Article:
Family cabins spark many different emotions. For some, it is heaven on earth—a place where the family comes together and incredible memories are made. For others, it is a source of contention. They view it as an additional expense that requires more work than it is worth. It is a means of holding their inheritance hostage and forcing them to spend time with family members whom they would rather just see at Thanksgiving and Christmas.
Many parents want to pass the family cabin on to their children and grandchildren. They want their family to continue making wonderful memories for generations to come. But they need to make sure they consider all of the issues and potential conflicts that could arise from transferring the cabin. Many parents believe that their children will just “get along” and work together during any ordeal that may present itself, because who wouldn’t be happy to inherit a cabin? But what happens when a child is not financially able to pay expenses related to the cabin? What happens when a child wants their inheritance in cash rather than as an interest in a cabin? Will that child be forced to start a partition action because the siblings cannot agree on how to divide up the cabin? And what about scheduling time, divvying up expenses, determining who can use the cabin, and whether a child can mortgage the cabin for some much needed cash in a time of need? These are all issues that parents must consider when they are passing the cabin on to the next generation.
The form in which cabins are transferred to the next generation is very important, and the consequences of naming children as either tenants in common or as joint tenants are often overlooked (or unknown). There are several things to consider when transferring property outright. As a joint owner, a child can pass his or her interest in the cabin to a spouse or a third party without the consent of the other owners. If a child is unable or unwilling to meet the financial obligations of the cabin, the others are forced to take on this burden without the guarantee that they will be reimbursed for paying their sibling’s share of the expenses. A child’s interest in the cabin is subject to his creditors, and he can use his interest as collateral for a loan without the consent (or even knowledge) of his siblings. A child can also use the cabin for a disproportionate length of time, or can decide to rent out the cabin without first consulting the others.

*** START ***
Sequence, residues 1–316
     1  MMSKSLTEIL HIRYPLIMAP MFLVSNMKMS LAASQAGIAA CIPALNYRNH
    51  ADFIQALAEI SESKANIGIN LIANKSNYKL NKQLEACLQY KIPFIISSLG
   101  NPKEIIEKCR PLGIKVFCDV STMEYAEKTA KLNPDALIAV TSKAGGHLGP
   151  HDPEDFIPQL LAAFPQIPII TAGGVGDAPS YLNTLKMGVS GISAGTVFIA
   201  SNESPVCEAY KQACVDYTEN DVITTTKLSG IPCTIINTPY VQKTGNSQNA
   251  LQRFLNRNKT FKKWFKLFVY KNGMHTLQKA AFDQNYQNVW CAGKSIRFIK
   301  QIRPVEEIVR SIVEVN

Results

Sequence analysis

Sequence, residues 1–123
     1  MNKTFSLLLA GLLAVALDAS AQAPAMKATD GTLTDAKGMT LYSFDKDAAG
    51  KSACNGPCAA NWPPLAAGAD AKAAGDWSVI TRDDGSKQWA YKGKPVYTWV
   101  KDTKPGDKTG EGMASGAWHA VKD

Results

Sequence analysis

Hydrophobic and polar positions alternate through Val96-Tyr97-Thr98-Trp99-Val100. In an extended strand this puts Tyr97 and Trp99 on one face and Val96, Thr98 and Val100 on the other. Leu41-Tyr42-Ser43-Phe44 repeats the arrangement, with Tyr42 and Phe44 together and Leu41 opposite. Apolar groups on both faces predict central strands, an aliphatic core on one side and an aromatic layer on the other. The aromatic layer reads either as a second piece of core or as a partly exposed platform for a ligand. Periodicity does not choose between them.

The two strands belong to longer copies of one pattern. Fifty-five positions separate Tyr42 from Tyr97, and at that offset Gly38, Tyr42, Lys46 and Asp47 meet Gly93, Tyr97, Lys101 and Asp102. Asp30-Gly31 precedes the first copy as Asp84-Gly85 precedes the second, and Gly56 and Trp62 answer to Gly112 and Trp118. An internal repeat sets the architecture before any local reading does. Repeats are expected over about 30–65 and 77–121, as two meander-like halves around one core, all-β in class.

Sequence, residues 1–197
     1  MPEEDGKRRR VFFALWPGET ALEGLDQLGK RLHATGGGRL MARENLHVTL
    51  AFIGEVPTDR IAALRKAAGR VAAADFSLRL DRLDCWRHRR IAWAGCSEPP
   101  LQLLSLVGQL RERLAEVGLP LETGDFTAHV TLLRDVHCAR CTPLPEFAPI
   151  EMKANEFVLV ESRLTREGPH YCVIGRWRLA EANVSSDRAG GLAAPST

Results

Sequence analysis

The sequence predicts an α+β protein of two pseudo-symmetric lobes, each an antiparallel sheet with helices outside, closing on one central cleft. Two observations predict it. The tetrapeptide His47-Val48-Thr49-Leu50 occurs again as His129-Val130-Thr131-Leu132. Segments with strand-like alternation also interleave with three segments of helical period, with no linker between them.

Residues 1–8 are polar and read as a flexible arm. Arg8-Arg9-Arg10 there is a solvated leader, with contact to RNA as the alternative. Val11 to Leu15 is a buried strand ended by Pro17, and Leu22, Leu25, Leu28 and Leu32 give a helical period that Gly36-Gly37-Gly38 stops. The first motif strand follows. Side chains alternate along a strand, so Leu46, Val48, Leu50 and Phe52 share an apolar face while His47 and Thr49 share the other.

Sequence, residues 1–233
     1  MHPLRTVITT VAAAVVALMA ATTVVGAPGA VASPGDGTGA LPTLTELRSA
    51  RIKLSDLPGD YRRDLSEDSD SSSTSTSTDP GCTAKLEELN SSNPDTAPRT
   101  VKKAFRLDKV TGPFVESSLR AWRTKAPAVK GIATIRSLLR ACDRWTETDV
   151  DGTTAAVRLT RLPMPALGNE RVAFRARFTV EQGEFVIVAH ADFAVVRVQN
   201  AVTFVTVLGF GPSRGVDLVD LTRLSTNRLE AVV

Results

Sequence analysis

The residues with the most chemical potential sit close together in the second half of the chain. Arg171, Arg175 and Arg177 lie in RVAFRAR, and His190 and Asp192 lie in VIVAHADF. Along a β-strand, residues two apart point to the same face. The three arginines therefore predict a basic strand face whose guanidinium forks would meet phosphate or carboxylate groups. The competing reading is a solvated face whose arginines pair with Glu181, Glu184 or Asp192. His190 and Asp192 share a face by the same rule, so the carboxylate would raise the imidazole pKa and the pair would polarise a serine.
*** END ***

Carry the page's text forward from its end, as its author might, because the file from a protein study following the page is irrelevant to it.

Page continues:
There are two vehicles that are recommended for transferring ownership in the cabin that can address some of the issues described above. The first is to create a cabin trust. A cabin trust can appoint a trustee who has management control. It allows parents to designate who can use the property, when they can use the property, and how expenses related to maintenance, taxes, and repairs will be allocated. Another technique, and often times a better approach, is to create a limited liability company (LLC) to hold and manage the cabin. The parents (and the children in many circumstances) can create an Operating Agreement which outlines ownership, use, payment of expenses, and restrictions on use and improvements to the property. It can include buy-out provisions in the event a child no longer wishes to own an interest. Placing a cabin into an LLC prevents a forced sale or partition by one of the owners, it allows for simplified scheduling, it can restrict who can own an interest in the LLC (especially in the event of a child’s divorce), and it can address a child’s failure or refusal to pay his or her fair share.
It is important to consider all of the issues and potential conflicts that may arise when passing on the family cabin. If it is a parent’s desire to keep this sacred place in the family, without causing it to tear the family apart, they must do proper planning.